1. Rushing, Jill RN, MSN

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YOU MAY NEED TO temporarily immobilize an infant or a young child during a healthcare-related procedure to ensure his safety and the success of the procedure. Restraining him skillfully, and only when necessary, will minimize his stress and that of his family.




* Explain the reason for the restraint, but don't call it a mummy restraint because this term may frighten an older child or his parents. Tell them that it's only temporary.


* Encourage parental participation. Explain how parents can emotionally support their child by staying near him, talking softly, or stroking him.


* Place a small blanket on the examination table or bed on a diagonal, then fold down one corner.


* Put the child on the blanket, with his shoulders along the folded edge and his head above the edge of the fold.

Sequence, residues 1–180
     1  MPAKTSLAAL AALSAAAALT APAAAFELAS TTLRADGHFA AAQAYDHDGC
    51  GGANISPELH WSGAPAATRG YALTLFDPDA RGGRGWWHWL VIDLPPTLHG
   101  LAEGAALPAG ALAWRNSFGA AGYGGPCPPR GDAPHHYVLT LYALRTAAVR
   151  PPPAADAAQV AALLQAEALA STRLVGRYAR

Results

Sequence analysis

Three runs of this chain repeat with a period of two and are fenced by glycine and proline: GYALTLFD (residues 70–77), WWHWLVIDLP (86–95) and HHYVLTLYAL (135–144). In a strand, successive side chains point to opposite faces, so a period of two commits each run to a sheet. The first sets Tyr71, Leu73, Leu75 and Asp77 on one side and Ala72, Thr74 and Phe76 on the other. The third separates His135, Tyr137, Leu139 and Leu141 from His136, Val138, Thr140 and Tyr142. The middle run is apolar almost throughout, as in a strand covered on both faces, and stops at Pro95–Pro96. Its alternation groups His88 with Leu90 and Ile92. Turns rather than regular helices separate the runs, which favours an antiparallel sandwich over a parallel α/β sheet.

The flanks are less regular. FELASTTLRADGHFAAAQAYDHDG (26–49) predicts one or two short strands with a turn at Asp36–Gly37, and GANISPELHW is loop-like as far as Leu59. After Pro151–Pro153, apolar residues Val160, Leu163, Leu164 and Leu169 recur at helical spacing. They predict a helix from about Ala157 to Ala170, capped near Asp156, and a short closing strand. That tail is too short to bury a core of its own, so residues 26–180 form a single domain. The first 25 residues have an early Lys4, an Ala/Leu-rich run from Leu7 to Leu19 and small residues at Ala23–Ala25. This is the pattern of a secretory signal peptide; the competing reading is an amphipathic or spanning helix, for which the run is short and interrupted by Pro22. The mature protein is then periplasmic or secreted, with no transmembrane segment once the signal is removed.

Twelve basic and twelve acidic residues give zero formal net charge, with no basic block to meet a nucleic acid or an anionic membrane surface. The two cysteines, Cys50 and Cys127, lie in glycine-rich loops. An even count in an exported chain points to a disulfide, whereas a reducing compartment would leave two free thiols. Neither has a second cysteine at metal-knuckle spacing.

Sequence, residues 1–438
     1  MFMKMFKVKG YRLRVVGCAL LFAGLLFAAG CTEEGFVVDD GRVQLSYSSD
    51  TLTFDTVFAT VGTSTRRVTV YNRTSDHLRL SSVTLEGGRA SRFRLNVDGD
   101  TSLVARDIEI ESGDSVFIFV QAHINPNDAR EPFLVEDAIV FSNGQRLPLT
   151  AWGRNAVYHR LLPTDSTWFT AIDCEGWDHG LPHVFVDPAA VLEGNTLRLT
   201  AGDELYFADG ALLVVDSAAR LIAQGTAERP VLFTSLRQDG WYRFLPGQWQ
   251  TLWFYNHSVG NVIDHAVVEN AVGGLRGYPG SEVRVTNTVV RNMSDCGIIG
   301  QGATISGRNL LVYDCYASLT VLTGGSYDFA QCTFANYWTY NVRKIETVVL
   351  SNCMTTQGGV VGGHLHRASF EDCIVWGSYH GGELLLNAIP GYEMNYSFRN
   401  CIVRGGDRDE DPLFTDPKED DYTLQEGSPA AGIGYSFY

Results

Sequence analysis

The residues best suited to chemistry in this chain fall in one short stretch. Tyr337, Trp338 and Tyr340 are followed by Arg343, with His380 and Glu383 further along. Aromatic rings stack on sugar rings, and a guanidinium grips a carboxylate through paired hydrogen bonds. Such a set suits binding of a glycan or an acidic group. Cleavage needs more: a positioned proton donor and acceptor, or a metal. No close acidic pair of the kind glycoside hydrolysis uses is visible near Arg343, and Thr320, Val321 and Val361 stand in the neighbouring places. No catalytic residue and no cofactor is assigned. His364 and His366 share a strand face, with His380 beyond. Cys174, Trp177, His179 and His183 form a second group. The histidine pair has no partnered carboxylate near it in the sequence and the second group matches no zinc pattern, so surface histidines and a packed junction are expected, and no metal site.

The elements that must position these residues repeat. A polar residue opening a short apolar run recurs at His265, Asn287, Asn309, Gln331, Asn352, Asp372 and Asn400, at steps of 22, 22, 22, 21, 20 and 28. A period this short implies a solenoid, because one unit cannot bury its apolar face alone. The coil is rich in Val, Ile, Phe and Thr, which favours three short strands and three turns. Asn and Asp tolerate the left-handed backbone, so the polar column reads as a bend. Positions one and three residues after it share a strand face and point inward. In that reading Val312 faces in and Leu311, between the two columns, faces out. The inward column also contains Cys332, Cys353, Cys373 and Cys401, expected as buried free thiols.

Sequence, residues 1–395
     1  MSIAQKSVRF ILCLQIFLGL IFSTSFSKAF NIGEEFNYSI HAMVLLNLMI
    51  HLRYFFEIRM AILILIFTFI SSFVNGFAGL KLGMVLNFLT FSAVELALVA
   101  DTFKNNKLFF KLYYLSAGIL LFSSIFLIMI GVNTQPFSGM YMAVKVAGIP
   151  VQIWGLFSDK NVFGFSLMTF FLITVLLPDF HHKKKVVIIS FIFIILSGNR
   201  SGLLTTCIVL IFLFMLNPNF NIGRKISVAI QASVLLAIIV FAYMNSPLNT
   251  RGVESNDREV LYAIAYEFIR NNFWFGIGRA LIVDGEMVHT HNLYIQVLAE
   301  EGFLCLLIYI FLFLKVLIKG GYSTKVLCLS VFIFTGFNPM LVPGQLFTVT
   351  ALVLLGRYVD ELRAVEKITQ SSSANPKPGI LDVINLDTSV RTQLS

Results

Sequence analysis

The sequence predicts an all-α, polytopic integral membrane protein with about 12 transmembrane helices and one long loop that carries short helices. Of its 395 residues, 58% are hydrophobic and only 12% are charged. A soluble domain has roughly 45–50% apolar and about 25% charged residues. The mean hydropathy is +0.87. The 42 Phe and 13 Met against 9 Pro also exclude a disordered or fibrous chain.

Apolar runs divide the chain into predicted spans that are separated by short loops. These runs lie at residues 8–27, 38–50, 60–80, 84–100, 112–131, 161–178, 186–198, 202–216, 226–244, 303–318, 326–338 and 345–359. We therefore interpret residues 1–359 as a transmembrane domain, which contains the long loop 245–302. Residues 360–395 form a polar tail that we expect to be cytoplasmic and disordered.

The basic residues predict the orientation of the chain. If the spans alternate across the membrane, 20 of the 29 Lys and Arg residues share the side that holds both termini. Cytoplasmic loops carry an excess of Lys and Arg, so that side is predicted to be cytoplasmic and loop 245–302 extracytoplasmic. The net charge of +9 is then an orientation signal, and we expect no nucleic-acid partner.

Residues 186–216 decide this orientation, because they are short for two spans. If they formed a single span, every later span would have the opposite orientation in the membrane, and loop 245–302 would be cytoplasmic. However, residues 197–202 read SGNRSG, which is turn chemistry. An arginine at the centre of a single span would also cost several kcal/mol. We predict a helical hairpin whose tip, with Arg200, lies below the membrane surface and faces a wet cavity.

* Continuously monitor the child's airway and circulation.


* Modify the mummy wrap as needed to provide access to different parts of the child's body, depending upon the procedure.


* Properly position the child for the procedure and provide support and guidance during it.


* Remove the restraint as soon as it's no longer necessary. Document the need for and use of the restraint.




* Don't cover the child's face.


* Don't obstruct his airway.


* Don't impair his circulation.




Bowden VR, Greenberg CS. Pediatric Nursing Procedures. 2nd ed. Philadelphia, PA: Lippincott Williams & Wilkins; 2008.


Hockenberry MJ, Wison D. Wong's Nursing Care of Infants and Children. 8th ed. St. Louis, MO: Mosby; 2007.


Smith-Temple J, Johnson JY, eds. Nurses' Guide to Clinical Procedures. 5th ed. Philadelphia, PA: Lippincott Williams & Wilkins; 2006.


Tomlinson D. Physical restraint during procedures: issues and implications for practice. J Pediatr Oncol Nurs. 2004;21(5):258-263.